Asbestos blocks were accidentally dumped on the site of a new £27million visitor centre at national landmark, Stonehenge.
1.3 million people visit Stonehenge in Wiltshire each year. English Heritage, who care for the historic structure, have launched an investigation into a claim that topsoil, provided by a sub-contractor, contained asbestos.
An English Heritage spokesperson commented, "As guardians of this unique historic site, English Heritage took this issue very seriously, and were very disappointed that the contractors failed to provide the specified topsoil."
The asbestos was reportedly present at the site for “a matter of days” and has since been removed, with contractors accepting responsibility.
At the very least, this incident highlights a lack of education and awareness on the handling and disposal of asbestos. Contractors employed to handle asbestos are required to follow health and safety procedures that ensure that no-one is exposed to asbestos. To dump “brick-sized lumps of asbestos” on the site of a national landmark is not only incredibly irresponsible in terms of miscommunication and professionalism, but could have put many people at risk of exposure to asbestos, which can result in Mesothelioma among other asbestos-related lung diseases.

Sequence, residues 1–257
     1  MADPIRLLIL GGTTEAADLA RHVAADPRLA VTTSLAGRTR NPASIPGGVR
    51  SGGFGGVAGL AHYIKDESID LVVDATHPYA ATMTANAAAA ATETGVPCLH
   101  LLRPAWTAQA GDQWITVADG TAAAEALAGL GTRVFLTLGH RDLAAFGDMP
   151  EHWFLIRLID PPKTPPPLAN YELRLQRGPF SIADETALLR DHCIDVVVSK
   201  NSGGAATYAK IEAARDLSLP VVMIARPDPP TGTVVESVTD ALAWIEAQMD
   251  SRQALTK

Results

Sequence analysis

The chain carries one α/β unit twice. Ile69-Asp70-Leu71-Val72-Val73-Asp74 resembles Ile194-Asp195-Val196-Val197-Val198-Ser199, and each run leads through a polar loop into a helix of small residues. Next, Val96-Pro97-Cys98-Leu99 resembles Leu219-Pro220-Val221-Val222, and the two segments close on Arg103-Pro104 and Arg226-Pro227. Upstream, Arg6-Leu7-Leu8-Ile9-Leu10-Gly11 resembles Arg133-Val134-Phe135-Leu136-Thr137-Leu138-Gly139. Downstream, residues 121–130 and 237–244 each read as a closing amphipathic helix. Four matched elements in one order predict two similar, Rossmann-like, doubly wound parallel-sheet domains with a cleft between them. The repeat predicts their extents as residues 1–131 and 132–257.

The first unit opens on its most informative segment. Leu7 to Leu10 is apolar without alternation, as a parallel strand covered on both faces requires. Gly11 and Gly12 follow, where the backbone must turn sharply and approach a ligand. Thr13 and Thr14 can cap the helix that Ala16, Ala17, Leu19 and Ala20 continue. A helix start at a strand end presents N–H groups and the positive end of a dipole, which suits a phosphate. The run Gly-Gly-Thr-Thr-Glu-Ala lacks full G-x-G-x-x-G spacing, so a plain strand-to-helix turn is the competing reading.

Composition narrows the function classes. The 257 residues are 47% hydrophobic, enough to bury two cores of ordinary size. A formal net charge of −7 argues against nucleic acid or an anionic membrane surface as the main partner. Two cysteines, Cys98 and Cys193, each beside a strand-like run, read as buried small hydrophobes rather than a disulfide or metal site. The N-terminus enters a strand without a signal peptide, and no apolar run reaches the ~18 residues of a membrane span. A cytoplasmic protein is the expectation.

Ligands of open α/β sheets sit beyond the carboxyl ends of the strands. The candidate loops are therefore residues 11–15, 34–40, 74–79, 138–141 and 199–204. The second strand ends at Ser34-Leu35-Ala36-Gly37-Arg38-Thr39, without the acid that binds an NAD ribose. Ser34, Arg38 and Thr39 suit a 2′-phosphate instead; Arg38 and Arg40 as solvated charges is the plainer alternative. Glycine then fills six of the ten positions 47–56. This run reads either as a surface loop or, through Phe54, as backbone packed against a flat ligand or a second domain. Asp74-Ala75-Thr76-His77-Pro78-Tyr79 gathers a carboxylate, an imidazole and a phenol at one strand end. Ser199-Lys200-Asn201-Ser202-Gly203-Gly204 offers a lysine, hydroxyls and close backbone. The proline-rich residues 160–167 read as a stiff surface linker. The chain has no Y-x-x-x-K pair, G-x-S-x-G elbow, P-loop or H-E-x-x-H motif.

The Mesothelioma UK epidemic has threatened people on a broad scale, from Buckingham Palace to the Edinburgh Fringe Festival. Awareness of the dangers of exposure to asbestos is shockingly low around the world. With asbestos used in commercial buildings and homes until 1999 in the UK, it is essential that more is done to promote awareness, and perhaps with press coverage of asbestos contaminations in such landmarks as Buckingham Palace, Parliament and Stonehenge, the dangers of asbestos will be made aware from a prominent platform.
Stonehenge is a lasting reminder of our history and of an achievement that has stood the test of time. It is sad that the site has now been contaminated, albeit temporarily, by a more tarnished legacy of human endeavours.
The full impact that previous asbestos exposure has, and will still cause, is not fully known. They may not be as recognised as the monuments on Salisbury Plain, but there are already too many smaller stones, in graveyards throughout the country, marking in some way the devastation that asbestos continues to leave in its wake.
Julian Cason is a personal injury lawyer at Slater and Gordon Lawyers in Cardiff.
If you think you may have been diagnosed with Mesothelioma or an asbestos-related disease, call the expert Personal Injury Solicitors at Slater and Gordon Lawyers on 0800 844 0275 or contact us online.